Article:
MEXICO CITY (Reuters) - Mexico’s foreign minister said on Saturday that President Andres Manuel Lopez Obrador and his U.S. counterpart Donald Trump had agreed to take swift action to stem the flow of illegal weapons from the United States into Mexico, where a drug war is raging.
Lopez Obrador told Trump on a phone call that he proposed “both countries use technology to close the border, to freeze the traffic of arms that is killing people in Mexico,” Foreign Minister Marcelo Ebrard told reporters.
“And Trump responded that he thought it was a good idea that this could be done using technology,” Ebrard said, adding that the idea is to install at all border crossings advanced lasers, X-rays and metal detectors, capable of even detecting chemical products.
Not only could that staunch the flow of illegal weapons into Mexico, but also the trafficked drugs into the United States, said Ebrard.
Increasing the number of Mexican intelligence agents in the United States is another proposal that is on the table.
Lopez Obrador told Trump “he was very concerned” that gang members used .50 caliber, armor-piercing rifles during the breakout of violence in the northwestern city of Culiacan over the attempted arrest of Ovidio Guzman, a son of jailed drug lord Joaquin “El Chapo” Guzman.
Mexico estimates that upwards of 80% of the weapons used by criminals in Mexico enter from the United States, and has long lobbied U.S. officials to take gun trafficking more seriously, arguing that the number of guns in the country make it much harder to clamp down on drug traffickers.
Ebrard assured there was no need to change laws in the United States in order to stop the illegal flow of weapons into Mexico.
Gun control of any kind is a hot button issue in the United States ahead of 2020 elections and could face resistance from the gun lobby, especially the powerful National Rifle Association lobby group which has strongly resisted restrictions after recent U.S. mass shootings.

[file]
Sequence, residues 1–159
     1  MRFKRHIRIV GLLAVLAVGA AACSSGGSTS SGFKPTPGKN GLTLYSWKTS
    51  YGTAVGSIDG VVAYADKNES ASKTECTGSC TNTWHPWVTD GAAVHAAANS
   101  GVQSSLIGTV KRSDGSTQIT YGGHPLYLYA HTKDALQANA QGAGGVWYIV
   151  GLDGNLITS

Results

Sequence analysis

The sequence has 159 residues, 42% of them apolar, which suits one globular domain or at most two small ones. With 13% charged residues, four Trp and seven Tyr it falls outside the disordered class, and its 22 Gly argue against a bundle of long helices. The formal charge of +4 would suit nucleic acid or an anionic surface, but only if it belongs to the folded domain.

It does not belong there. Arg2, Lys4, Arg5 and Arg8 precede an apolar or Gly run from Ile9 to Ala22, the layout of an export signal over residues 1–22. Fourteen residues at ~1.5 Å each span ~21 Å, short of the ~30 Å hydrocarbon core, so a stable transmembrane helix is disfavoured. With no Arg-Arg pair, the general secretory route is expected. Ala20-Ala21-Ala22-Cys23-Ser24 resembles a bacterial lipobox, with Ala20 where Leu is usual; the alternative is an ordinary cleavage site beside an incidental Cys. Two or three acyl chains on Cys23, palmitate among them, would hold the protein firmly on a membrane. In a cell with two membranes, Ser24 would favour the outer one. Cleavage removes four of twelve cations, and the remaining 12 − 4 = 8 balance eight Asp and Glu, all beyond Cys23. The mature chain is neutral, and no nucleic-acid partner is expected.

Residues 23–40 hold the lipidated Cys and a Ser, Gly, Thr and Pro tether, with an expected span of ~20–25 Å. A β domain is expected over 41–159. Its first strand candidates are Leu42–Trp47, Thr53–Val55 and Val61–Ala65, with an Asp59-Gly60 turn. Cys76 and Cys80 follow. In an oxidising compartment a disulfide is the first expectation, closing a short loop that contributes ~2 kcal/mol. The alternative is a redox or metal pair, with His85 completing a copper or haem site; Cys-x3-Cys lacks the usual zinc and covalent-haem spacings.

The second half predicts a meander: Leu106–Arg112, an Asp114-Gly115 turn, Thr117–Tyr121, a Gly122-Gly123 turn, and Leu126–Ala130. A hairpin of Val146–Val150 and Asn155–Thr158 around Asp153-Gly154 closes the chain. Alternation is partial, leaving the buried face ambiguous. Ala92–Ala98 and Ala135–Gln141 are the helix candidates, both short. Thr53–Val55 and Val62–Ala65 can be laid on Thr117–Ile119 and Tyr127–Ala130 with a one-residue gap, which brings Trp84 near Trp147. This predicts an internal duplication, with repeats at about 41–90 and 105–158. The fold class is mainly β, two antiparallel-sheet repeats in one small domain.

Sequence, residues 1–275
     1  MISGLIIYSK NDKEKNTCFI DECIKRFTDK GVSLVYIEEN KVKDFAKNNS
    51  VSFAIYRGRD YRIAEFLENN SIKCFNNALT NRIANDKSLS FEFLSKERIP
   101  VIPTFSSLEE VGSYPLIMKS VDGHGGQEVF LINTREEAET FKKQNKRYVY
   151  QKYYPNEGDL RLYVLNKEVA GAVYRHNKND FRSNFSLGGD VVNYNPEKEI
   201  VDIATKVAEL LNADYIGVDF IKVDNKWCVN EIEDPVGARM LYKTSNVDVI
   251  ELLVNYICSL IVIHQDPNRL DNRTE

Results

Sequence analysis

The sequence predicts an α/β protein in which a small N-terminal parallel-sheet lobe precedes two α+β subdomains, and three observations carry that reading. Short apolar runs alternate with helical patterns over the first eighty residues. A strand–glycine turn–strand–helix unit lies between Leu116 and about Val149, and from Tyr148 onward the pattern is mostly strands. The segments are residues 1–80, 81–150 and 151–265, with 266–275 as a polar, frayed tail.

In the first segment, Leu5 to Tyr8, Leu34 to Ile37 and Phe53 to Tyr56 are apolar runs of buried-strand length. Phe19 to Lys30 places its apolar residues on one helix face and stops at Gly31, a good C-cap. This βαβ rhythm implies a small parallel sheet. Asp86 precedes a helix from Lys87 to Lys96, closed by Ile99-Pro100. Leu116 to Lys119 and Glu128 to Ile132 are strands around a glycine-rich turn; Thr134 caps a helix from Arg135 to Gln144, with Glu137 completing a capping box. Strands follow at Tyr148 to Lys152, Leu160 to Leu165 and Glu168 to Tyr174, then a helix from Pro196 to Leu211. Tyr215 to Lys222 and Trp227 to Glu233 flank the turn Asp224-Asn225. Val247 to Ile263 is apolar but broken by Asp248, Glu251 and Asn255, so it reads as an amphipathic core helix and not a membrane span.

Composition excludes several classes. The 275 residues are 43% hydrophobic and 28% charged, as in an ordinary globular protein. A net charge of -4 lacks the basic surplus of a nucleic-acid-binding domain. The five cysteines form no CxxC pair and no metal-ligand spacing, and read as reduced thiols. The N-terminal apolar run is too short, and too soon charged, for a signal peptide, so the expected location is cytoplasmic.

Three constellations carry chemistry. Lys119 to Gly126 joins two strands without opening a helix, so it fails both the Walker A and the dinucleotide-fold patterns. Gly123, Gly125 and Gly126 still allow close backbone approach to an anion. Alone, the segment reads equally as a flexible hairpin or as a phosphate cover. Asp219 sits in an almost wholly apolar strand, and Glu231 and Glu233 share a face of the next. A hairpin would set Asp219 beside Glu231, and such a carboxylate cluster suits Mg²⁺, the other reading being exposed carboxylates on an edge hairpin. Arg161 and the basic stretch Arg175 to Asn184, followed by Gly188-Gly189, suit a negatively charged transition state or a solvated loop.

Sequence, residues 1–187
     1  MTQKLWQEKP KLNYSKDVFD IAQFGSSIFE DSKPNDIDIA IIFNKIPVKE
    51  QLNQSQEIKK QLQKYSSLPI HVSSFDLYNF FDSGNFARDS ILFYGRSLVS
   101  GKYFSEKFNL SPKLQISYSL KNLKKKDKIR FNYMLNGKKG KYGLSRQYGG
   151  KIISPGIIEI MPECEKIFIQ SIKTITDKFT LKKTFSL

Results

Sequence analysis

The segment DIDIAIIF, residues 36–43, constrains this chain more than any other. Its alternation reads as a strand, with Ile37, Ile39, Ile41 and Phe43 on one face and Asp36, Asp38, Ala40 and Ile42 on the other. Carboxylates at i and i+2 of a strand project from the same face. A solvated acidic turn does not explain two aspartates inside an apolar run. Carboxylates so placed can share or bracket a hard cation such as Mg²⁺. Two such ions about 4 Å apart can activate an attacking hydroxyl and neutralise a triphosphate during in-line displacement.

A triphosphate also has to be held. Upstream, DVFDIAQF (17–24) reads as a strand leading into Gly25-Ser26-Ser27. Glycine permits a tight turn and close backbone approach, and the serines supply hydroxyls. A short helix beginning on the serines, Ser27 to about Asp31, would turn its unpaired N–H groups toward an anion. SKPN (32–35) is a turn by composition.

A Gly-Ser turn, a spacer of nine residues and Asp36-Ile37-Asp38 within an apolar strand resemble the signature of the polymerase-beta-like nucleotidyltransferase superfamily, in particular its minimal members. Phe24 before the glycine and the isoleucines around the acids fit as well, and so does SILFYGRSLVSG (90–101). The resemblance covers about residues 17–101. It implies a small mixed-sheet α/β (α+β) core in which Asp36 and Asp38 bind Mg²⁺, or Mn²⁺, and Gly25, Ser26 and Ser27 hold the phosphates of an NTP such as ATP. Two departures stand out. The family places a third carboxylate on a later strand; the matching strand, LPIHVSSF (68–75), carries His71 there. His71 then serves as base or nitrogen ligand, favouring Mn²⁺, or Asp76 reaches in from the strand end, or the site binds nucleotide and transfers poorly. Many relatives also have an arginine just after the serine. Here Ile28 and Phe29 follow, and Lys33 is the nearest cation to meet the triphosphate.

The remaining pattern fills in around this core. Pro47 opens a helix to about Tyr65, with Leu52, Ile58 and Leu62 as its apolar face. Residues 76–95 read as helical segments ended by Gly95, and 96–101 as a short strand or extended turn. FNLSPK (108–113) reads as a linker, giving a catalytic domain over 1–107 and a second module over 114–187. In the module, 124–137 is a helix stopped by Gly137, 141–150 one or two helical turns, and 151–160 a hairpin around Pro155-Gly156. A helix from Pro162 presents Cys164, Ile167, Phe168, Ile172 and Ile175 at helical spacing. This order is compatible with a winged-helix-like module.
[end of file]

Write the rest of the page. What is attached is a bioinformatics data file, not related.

The two leaders agreed that U.S. and Mexican officials would meet in the next few days to discuss options, and would announce actions to “freeze” illegal imports of weapons into Mexico through U.S. border crossings.
There was no immediate comment from U.S. authorities.
The discussion came in the wake of the bungled arrest attempt. Cartel gunmen surrounded about 35 police and national guard on Thursday in the capital of Sinaloa state and made them free Ovidio Guzman. His brief detention had set off widespread gun battles and a jailbreak that stunned the country.
“If the order would have been given to continue with the operation in Culiacan we estimate that more than 200 people, mostly civilians, would have been killed,” said Ebrard, adding that so-called collateral damage was unacceptable to the Mexican government.
The chaos in Culiacan, a bastion of the elder Guzman’s Sinaloa cartel, has turned up pressure on Lopez Obrador, who took office in December promising to pacify a country weary of more than a decade of gang violence.
Admitting that the cartel’s response was faster than what authorities expected, Ebrard said valuable lessons were learned from the failed attempt to capture the Guzman son.
Ebrard said Mexico’s armed forces need better training and technology, underscoring that there is still an “outstanding arrest warrant for Ovidio Guzman and other people and the corresponding authorities have to do what is necessary” to carry out the arrests.
Reporting by Anthony Esposito in Mexico City; Additional reporting by Lizbeth Diaz in Mexico City; Editing by Matthew Lewis and Alistair Bell